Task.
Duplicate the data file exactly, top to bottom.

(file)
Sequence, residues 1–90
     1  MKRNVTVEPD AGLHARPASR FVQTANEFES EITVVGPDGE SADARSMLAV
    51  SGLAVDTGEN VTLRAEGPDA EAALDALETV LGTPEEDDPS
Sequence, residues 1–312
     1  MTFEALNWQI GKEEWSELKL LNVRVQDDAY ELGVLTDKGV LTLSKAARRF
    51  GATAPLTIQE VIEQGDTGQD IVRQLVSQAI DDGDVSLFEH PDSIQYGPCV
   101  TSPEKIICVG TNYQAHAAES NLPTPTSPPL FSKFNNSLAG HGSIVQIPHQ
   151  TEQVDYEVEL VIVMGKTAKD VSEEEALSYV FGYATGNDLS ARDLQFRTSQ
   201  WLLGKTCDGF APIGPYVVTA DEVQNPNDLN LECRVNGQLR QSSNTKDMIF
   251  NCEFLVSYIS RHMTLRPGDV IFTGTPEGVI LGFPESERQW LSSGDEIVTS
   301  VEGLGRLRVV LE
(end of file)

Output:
Sequence, residues 1–90
     1  MKRNVTVEPD AGLHARPASR FVQTANEFES EITVVGPDGE SADARSMLAV
    51  SGLAVDTGEN VTLRAEGPDA EAALDALETV LGTPEEDDPS
Sequence, residues 1–312
     1  MTFEALNWQI GKEEWSELKL LNVRVQDDAY ELGVLTDKGV LTLSKAARRF
    51  GATAPLTIQE VIEQGDTGQD IVRQLVSQAI DDGDVSLFEH PDSIQYGPCV
   101  TSPEKIICVG TNYQAHAAES NLPTPTSPPL FSKFNNSLAG HGSIVQIPHQ
   151  TEQVDYEVEL VIVMGKTAKD VSEEEALSYV FGYATGNDLS ARDLQFRTSQ
   201  WLLGKTCDGF APIGPYVVTA DEVQNPNDLN LECRVNGQLR QSSNTKDMIF
   251  NCEFLVSYIS RHMTLRPGDV IFTGTPEGVI LGFPESERQW LSSGDEIVTS
   301  VEGLGRLRVV LE